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Skipper's Stool

July 20, 2012 |
posted by Ana White
PDF versionPDF version

Free plans to build a skipper stool! Stool features splayed legs and lots of character!

Skipper's Stool

Handmade from this plan >>

Projects built from this plan. Thank you for submitting brag posts, it's appreciated by all!

About Project

Author Notes: 

On our recent trip to Seward Alaska, I spied this stool, and just had to draw plans up! I thought it would not just make a great little seating area, but also cute as an end table, nightstand or even a plant stand! For about $10 in lumber, you can make this stool yourself!

Dimensions

Dimensions: 
Skipper's Stool

Materials and Tools

Shopping List: 

2 - 1x3 @ 8 feet long (there's extra so you can practice some cuts)
1 - 2x2 @ 2 feet long
1 - 2x6 @ 3 feet long
1 1/4" PH screws
2" screws

Cut List

Cut List: 

2 - 2x6 @ 16"
2 - 2x2 @ 11"
1 - 1x3 @ 11"
4 - 1x3 @ 17 1/2" long, 15 degree angle and 10 degree bevel, ends are parallel, longest point to shortest point measurement
2 - 1x3 @ 16 1/4" (both ends cut at 10 degrees off square, ends NOT parallel, long point to long point measurement)

General Instructions

Please read through the entire plan and all comments before beginning this project. It is also advisable to review the Getting Started Section. Take all necessary precautions to build safely and smartly. Work on a clean level surface, free of imperfections or debris. Always use straight boards. Check for square after each step. Always predrill holes before attaching with screws. Use glue with finish nails for a stronger hold. Wipe excess glue off bare wood for stained projects, as dried glue will not take stain. Be safe, have fun, and ask for help if you need it. Good luck!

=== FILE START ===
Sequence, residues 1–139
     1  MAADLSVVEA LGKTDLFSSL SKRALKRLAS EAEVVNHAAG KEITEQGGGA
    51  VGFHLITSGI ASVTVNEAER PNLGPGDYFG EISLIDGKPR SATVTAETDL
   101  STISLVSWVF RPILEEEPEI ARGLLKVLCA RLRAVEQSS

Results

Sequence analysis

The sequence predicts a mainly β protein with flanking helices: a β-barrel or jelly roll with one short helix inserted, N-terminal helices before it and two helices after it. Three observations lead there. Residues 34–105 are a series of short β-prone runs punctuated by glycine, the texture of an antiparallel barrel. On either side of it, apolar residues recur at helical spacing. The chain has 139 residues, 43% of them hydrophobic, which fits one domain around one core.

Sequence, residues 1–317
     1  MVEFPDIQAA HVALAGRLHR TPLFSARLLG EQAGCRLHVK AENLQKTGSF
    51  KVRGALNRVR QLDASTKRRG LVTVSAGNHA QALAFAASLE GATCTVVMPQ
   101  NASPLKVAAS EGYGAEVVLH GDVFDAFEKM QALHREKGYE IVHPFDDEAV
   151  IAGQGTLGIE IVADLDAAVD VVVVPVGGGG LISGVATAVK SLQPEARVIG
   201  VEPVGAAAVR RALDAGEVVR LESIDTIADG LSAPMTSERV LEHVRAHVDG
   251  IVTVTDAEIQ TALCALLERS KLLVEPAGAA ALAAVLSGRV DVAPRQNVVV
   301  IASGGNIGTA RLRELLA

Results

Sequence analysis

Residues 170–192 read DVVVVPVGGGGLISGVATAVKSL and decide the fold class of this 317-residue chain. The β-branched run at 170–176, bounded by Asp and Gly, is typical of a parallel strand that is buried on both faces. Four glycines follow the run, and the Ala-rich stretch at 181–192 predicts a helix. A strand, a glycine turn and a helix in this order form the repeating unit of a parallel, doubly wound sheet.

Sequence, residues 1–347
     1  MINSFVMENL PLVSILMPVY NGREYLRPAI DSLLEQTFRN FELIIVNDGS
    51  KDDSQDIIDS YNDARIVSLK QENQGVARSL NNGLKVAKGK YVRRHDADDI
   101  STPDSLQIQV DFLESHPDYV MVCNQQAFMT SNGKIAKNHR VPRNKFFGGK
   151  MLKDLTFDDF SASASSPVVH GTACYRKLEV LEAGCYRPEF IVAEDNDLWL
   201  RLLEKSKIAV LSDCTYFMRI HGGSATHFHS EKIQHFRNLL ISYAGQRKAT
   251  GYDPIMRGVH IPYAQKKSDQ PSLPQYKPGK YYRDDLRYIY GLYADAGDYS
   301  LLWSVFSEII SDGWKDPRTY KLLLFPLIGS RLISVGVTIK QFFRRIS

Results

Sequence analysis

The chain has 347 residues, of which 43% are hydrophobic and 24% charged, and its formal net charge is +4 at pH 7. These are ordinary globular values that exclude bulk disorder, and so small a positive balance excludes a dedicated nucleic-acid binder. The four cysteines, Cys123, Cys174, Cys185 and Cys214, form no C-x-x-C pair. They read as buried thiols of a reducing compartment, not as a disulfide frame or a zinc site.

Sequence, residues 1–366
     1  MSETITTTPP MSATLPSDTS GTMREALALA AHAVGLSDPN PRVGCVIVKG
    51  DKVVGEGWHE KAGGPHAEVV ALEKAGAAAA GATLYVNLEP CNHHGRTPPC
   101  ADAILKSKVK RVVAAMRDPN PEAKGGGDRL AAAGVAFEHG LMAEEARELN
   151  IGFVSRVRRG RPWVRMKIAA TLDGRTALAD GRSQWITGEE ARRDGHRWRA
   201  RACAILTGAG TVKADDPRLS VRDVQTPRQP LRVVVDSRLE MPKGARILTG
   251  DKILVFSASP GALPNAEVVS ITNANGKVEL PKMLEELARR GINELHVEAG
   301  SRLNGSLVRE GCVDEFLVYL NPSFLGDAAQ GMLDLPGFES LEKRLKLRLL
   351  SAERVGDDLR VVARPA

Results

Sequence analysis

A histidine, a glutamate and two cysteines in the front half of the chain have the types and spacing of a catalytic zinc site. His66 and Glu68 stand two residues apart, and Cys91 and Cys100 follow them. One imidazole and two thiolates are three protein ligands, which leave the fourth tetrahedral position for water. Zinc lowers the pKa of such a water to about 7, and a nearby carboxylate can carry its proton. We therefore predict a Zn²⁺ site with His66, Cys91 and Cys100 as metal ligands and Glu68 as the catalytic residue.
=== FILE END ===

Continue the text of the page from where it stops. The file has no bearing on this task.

Step 1

Skipper's Stool

Let's start by making the seat. Mark out the location of the 2x2s on the seat boards and attach with glue and screws. Set aside the seat.

TIP: Instead of buying other 1 1/4" screws, just use a couple of 1 1/4" PH screws to attach that middle 1x3 to the seat.

Step 2

Skipper's Stool

Now for those legs. The look much more difficult than they are! Just set your compound miter saw first to a 15 degree angle, meaning the entire saw head is rotated like a clock to the 15 degree mark. Now we need to angle the actual blade at 10 degrees, sort of like slicing carrots at an angle. Each saw is different, rotate yours to a 10 degree bevel. Then cut one end of the 1x3 off as close to the end as possible - we are just getting the first edge cut here.

With one end cut to size, slide the board down 17 1/2", mark correct length, and cut your first leg. DO NOT MOVE OR ROTATE BOARD YET!!!

Check this first leg to make sure you did everything right on the stool seat. If you did, all you will then need to do is slide the board on your saw down 17 1/2" and cut, repeating until you have all four legs.

Attach legs to seat, outsides are flush to edges. I recommend hiding 3/4" PHs and 1 1/4" PH screws on inside top edge of each leg instead of 2" screws from outside.